Access. Access is a hot-button topic today, as it relates to professional athletes. Should Albert Pujols make himself “available” to the media after a tough loss? How much is expected of athletes and how much? What value lies, in this age of social media bypassing the standard media outlets, in canned quotes and “both teams played hard” clichés?

When done correctly, social media (just Twitter, really. Facebook? What am I, your nana?) helps shape perceptions of players drastically and instantly. Brandon McCarthy is a great, great twitter follow because he’s smart enough to spell correctly while tweeting (usually) about Liverpool FC, baseball, and life in an endearingly self-deprecating way.

Brandon McCarthy showed his Web 3.4 acumen this week with a tour-de-force performance. Not content with spitting hot fire on Twitter with the Fox broadcast team within his sights, he popped up on Fangraphs with some high-test nerd bait. Hit the jump to cement your mancrush on one BMcCarthy32.

Firstly, McCarthy and some friends did the same thing most people do on Twitter during the World Series: bitch about the banality of Buck & McCarver. The A’s starter had the good sense to do it in a mostly constructively manner. To the Storify machine! The non-tweet commentary is my own.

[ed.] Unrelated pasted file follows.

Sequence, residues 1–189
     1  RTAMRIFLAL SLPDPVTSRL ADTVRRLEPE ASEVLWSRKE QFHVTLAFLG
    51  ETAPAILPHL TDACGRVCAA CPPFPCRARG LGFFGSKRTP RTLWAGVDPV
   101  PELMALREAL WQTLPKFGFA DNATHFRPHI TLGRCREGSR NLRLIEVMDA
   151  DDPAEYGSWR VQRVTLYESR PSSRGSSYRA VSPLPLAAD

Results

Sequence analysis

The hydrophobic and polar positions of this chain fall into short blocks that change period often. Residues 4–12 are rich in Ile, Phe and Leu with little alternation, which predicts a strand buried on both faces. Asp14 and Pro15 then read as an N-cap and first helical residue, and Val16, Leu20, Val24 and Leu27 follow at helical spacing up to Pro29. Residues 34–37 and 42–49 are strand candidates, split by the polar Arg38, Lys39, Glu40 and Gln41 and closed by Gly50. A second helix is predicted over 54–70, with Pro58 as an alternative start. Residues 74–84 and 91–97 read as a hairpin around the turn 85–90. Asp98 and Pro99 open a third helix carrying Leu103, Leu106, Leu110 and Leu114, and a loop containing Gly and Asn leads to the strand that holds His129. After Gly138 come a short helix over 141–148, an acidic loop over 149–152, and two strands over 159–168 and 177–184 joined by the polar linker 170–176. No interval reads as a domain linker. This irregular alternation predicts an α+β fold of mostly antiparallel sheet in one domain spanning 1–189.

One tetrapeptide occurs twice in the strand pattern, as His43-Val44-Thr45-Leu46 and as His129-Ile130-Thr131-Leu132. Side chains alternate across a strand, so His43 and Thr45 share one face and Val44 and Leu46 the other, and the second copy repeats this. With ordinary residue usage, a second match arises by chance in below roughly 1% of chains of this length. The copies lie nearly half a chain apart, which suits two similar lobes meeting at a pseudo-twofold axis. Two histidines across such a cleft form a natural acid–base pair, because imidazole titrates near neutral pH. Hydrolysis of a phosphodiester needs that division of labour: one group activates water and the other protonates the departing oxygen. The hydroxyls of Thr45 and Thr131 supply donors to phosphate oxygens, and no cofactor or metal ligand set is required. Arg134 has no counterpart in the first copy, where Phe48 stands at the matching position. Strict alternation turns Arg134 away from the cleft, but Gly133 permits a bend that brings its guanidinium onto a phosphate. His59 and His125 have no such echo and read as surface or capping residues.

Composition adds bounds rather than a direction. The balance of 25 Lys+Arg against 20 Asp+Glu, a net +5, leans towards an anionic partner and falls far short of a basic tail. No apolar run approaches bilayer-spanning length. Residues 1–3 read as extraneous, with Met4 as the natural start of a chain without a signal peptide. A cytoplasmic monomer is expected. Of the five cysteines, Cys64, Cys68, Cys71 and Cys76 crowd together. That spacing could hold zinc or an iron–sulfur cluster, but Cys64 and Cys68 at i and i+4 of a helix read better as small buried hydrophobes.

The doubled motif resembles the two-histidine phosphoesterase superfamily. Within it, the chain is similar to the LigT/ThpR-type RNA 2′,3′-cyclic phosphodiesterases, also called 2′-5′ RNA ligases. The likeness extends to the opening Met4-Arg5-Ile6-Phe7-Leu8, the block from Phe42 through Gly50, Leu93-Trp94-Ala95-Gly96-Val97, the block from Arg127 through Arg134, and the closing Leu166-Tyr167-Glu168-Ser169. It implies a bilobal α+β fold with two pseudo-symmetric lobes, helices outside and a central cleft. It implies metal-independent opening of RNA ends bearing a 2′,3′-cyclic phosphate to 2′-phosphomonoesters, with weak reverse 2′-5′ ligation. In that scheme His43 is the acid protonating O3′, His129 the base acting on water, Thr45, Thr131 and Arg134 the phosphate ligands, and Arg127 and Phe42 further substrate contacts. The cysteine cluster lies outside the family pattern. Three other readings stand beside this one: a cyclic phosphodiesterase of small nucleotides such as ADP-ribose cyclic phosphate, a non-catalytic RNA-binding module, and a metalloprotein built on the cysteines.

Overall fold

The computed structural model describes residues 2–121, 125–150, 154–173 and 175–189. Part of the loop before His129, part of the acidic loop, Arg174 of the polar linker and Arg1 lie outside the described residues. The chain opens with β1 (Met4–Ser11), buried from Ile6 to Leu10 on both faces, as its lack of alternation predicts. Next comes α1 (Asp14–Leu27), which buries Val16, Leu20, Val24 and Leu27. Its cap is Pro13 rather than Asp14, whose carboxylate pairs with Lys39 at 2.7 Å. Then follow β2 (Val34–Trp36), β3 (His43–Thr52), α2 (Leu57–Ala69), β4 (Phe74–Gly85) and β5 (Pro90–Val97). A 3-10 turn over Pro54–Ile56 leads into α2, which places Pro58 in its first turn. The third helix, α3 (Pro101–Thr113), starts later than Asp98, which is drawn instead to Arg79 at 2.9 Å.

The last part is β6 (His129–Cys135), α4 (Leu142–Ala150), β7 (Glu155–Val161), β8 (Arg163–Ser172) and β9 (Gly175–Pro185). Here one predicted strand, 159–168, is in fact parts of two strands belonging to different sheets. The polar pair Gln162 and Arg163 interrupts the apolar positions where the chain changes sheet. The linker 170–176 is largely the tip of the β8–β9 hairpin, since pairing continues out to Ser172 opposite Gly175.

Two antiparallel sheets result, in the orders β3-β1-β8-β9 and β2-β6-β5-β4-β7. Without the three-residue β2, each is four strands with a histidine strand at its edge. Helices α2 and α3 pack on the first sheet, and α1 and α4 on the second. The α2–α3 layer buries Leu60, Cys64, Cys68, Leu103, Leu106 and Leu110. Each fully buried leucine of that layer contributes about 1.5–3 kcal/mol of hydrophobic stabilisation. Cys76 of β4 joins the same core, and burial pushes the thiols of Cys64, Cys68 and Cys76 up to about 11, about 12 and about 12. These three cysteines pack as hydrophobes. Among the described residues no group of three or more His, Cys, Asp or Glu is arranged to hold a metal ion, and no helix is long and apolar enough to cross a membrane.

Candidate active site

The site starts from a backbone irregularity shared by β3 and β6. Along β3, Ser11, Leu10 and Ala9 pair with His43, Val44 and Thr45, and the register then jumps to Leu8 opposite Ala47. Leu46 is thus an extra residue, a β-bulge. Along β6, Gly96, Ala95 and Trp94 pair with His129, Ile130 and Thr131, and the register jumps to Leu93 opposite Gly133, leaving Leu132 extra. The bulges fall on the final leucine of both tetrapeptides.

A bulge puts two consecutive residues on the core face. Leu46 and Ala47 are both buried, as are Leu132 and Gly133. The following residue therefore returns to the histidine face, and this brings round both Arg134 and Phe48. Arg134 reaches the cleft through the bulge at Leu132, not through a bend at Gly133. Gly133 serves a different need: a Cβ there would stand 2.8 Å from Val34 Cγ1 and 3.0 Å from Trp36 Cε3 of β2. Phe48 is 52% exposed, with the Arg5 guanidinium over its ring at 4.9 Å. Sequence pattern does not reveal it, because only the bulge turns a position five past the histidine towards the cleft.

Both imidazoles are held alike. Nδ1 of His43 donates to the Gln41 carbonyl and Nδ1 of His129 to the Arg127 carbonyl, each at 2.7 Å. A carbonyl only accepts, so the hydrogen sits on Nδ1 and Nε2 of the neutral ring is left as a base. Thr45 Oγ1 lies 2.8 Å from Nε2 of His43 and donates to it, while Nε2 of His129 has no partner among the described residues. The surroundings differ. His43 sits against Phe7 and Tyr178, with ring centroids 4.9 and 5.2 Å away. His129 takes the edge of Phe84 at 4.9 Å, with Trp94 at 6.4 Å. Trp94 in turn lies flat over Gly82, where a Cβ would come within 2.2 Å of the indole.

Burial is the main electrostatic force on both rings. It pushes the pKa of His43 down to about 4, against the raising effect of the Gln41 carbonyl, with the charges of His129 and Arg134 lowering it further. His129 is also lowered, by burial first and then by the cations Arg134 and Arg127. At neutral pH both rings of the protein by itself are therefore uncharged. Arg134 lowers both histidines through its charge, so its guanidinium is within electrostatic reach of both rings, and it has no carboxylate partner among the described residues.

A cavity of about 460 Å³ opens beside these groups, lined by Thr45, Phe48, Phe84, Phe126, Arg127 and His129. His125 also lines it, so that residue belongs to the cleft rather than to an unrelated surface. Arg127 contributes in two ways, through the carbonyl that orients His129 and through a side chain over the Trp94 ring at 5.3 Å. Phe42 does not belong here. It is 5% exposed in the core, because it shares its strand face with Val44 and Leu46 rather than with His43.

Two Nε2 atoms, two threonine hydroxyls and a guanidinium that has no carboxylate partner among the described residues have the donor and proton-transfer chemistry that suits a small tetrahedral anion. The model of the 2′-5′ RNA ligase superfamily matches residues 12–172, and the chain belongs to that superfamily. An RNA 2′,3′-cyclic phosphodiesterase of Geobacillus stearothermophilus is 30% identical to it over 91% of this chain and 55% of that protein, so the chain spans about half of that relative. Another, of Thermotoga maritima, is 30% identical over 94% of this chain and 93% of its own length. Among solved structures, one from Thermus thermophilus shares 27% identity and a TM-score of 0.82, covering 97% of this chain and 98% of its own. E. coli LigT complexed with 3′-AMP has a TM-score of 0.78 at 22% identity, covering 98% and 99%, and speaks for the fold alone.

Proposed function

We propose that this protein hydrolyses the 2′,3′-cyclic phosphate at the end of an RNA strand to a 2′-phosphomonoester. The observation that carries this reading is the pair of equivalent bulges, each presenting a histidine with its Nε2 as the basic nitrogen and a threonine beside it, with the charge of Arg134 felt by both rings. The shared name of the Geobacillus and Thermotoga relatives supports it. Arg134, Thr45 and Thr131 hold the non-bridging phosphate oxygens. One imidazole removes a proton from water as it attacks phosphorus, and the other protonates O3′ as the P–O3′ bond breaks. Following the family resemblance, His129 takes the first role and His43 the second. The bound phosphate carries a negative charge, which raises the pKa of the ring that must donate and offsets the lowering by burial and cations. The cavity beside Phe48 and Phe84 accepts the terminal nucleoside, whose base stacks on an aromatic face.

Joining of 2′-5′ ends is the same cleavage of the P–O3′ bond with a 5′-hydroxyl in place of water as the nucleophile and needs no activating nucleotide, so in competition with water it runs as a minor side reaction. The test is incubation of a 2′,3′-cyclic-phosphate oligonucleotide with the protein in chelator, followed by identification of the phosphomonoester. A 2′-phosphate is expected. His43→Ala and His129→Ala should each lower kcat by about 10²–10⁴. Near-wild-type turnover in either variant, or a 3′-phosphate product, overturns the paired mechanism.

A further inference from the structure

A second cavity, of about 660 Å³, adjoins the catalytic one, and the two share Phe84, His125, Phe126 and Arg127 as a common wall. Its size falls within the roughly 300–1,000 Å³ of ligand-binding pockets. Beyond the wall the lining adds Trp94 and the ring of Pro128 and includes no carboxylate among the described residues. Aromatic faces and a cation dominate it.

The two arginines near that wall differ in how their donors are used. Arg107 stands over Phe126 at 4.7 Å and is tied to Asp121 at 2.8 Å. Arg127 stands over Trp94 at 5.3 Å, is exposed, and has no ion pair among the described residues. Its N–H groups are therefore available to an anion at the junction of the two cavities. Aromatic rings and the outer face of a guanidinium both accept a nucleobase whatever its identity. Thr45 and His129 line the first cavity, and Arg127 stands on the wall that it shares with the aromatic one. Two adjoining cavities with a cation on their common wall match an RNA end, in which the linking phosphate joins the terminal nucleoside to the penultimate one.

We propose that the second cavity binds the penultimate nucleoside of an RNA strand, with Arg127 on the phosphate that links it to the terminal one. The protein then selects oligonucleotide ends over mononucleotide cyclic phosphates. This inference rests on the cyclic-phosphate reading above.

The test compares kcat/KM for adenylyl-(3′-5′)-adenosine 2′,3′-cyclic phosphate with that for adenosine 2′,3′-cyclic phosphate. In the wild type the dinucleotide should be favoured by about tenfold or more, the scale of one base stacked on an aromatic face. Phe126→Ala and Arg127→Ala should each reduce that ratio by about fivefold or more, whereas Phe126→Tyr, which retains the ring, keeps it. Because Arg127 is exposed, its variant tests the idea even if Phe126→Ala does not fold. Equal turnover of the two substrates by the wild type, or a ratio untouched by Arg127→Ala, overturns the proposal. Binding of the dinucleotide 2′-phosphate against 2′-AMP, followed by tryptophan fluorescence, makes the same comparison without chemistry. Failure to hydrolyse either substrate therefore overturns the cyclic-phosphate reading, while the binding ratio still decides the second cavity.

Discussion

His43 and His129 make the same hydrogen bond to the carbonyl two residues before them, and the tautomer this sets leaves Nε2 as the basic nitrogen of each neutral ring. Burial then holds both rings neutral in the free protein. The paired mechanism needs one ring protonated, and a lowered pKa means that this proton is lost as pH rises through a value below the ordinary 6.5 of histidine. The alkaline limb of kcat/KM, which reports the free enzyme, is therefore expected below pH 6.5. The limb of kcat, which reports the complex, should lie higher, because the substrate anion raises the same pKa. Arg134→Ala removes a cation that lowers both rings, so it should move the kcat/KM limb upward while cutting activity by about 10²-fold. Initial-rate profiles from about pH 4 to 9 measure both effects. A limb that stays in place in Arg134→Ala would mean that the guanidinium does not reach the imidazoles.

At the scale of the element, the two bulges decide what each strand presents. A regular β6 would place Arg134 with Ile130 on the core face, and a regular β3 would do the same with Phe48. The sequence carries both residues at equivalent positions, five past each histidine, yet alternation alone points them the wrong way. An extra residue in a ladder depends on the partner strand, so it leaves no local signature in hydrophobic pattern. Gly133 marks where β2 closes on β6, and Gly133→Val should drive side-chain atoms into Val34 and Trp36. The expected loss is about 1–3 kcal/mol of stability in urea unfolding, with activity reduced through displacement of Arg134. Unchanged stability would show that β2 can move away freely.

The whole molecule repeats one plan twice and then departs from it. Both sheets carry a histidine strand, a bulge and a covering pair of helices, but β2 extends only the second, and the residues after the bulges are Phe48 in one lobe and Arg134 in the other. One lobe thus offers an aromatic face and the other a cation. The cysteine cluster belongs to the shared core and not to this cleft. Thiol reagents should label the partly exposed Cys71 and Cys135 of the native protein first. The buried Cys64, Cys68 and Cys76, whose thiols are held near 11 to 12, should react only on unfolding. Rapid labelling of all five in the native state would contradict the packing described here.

Somebody wise said on twitter this week: maybe the baseball ratings would be so bad if the broadcast team didn’t send people running the other way. Interesting to see McCarthy and Brett Anderson seem to agree. Perhaps McCarthy can take a turn in the booth when his playing days are over. Too bad it isn’t likely to happen.

In a great post on Fangraphs today, McCarthy opens up about his own existential baseball crisis in 2009. After mixed results and injury problems pushed him closer to the broadcast booth than the pitcher’s mound, the former Ranger and White Sock vowed to make serious changes to prolong his career. It is a great read which I highly recommend so let me simply blockquote the money line. It is hardly surprising.

“As stupid as it sounds, I set a goal that I wanted to become Roy Halladay. I wanted to throw what he throws, work in his sequences, because when you watch Roy it seems very easy… it seemed a lot less effortless than what I was doing.”

Your new favorite player, everybody. Get on the phone, Anthopoulos!